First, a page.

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A 25% increase in food insecurity elevates the risk of conflict by 36%, while a 25% rise in the number of people without access to clean drinking water raises the likelihood of conflict by 18%. Food insecurity and water stress are tightly interlinked, with regions having a history of conflict and weak governance being the most susceptible, said the Ecological Threat Report, produced by the Institute for Economics & Peace.
The world stands on the precipice of several environmental "tipping points" that could have irreversible consequences for vital resources and ecosystems
Reduced water flows and rising atmospheric temperatures on rivers is of utmost concern and the changes are posing significant challenges to aquatic...
The world's hydrological cycle is increasingly disrupted due to the impacts of climate change and human activities, according to a comprehensive report from the World Meteorological Organization (WMO). The report highlights the urgent need for a stocktake of global water resources as droughts and extreme rainfall events take a toll on lives and economies.
Indian farmers are adapting to rising temperatures by significantly increasing their use of groundwater for irrigation. This adaptation, if continued, could lead to a tripling of groundwater depletion rates by 2080, posing severe threats to India's food and water security, according to a recent study.
Water, a fundamental component of life, plays an indispensable role in supporting our bodies' functioning. With about 60 percent of our bodies composed of water and around 71 percent of the Earth's surface covered in it, water is essential not only for sustaining life but also for promoting overall health.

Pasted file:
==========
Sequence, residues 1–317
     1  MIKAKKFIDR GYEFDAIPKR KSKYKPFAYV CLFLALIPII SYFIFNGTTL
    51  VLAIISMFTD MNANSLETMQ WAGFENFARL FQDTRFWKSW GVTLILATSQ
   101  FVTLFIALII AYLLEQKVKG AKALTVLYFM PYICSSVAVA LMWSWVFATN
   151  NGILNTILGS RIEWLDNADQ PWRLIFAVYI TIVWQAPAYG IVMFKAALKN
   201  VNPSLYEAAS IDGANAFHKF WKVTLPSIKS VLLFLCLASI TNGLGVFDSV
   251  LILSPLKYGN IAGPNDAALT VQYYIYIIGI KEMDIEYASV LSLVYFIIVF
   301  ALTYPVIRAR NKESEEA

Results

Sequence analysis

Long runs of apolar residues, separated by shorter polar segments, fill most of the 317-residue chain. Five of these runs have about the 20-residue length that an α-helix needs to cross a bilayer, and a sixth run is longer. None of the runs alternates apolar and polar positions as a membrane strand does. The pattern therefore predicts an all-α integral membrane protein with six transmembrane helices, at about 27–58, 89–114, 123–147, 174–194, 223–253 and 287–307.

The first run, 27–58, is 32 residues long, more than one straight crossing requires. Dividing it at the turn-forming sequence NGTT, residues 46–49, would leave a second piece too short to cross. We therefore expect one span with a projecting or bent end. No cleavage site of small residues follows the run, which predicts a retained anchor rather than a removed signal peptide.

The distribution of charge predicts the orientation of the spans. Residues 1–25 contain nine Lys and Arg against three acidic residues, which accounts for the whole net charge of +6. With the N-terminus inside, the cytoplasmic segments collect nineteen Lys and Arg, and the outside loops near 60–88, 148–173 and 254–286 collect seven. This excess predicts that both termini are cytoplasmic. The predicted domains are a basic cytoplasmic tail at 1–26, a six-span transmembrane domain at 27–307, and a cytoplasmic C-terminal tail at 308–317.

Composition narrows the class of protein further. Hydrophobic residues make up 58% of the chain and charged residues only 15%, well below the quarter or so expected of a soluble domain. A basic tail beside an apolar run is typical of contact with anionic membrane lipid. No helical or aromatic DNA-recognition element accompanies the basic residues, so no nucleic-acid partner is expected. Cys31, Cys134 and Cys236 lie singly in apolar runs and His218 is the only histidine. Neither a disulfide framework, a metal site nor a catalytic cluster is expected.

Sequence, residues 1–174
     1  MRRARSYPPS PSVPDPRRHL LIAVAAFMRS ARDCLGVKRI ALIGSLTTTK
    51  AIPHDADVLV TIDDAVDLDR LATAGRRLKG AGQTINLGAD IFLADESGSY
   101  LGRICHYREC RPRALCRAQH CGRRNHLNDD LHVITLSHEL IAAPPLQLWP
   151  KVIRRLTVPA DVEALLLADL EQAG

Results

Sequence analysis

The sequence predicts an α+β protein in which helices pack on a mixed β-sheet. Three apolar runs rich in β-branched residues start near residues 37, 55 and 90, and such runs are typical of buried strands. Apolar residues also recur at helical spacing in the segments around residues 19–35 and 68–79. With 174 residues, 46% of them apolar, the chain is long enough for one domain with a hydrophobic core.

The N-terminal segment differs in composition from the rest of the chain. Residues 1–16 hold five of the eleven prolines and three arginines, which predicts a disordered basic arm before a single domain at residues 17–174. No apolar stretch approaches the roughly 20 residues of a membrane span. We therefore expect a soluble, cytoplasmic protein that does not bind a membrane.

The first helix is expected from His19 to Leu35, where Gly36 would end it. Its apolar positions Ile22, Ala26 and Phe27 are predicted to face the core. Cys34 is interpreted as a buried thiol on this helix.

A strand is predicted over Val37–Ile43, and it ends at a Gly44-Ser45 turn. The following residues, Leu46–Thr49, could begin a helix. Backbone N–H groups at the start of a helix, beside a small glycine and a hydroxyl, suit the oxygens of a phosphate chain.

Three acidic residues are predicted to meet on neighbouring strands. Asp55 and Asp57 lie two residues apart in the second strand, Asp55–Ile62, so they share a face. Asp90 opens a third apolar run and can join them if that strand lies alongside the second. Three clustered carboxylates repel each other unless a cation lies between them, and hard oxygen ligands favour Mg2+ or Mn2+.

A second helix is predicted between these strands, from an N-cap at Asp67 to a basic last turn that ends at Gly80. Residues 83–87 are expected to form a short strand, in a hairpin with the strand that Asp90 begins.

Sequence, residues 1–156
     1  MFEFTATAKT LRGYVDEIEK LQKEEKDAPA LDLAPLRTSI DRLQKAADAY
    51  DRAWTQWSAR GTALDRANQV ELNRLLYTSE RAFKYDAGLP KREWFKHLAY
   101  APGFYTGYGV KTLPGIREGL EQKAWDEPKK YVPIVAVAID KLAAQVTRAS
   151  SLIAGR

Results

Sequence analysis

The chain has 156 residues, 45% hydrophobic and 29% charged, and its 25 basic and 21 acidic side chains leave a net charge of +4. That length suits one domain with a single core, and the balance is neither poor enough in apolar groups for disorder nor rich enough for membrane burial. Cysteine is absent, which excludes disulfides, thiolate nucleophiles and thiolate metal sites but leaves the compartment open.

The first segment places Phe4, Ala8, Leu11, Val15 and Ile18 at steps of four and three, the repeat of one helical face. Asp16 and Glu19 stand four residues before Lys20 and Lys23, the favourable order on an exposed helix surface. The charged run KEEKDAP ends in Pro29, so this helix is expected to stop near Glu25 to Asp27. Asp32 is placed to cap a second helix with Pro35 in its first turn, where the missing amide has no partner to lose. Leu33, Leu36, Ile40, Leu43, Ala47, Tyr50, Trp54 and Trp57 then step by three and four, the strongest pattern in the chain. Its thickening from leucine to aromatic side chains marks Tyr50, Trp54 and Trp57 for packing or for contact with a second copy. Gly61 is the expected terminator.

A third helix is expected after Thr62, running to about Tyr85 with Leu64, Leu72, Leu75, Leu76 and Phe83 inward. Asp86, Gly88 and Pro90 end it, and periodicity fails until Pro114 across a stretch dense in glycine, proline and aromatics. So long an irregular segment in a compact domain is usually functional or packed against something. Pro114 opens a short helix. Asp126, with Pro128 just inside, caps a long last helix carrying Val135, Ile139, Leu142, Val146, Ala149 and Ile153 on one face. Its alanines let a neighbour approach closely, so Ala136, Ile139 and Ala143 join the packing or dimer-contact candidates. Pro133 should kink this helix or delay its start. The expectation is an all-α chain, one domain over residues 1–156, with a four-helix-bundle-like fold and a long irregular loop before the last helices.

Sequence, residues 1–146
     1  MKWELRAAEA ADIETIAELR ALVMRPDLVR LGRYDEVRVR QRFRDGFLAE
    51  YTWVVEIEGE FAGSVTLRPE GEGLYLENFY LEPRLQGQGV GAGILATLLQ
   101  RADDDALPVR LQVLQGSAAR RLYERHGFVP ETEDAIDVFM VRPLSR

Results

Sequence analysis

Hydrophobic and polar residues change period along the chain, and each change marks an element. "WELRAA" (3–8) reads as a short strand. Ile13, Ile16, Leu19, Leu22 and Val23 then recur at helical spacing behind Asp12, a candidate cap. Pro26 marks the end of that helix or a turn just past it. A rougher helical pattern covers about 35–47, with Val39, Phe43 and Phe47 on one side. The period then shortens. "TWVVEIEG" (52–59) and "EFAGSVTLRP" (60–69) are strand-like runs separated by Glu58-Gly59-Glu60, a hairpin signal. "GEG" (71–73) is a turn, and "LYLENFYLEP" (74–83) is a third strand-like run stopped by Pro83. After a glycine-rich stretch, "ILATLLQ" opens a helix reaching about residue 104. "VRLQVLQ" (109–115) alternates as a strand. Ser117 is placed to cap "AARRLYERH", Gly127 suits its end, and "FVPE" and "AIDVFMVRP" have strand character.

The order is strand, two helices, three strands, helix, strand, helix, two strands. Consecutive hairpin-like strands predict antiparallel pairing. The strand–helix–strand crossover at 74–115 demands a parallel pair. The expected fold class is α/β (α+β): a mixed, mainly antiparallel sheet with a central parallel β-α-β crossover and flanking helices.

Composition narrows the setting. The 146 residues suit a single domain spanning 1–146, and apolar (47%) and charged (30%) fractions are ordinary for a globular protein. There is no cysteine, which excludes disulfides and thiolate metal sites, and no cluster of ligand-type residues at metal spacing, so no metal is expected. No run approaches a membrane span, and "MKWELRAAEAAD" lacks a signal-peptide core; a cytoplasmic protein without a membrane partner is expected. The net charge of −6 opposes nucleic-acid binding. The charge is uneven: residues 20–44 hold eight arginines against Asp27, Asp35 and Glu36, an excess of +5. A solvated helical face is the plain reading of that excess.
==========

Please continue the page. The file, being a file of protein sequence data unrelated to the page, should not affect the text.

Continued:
Amidst the global challenges posed by water stress due to climatic fluctuations like extreme droughts and floods, numerous countries find themselves grappling with restricted access to clean drinking water. This year, a significant event known as World Water Week is set to take place from August 23 to September 1. The primary focus of this occasion is to shed light on the multifaceted value of water for people, nature, climate change, and overall development.
Twenty five countries, collectively home to a quarter of the global population, are grappling with extremely high water stress as the world is under an alarming water stress crisis, with profound implications for humanity's well-being, economies, and the environment.
In an era where contemporary water utilities grapple with maintaining pristine water supplies, a groundbreaking study led by Oxford geoarchaeologist Dr. Gül Sürmelihindi and an international team unveils a remarkable facet of ancient civilization. The research exposes the meticulous water management practices of Roman engineers who, some two millennia ago, adeptly sustained and preserved their intricate water systems.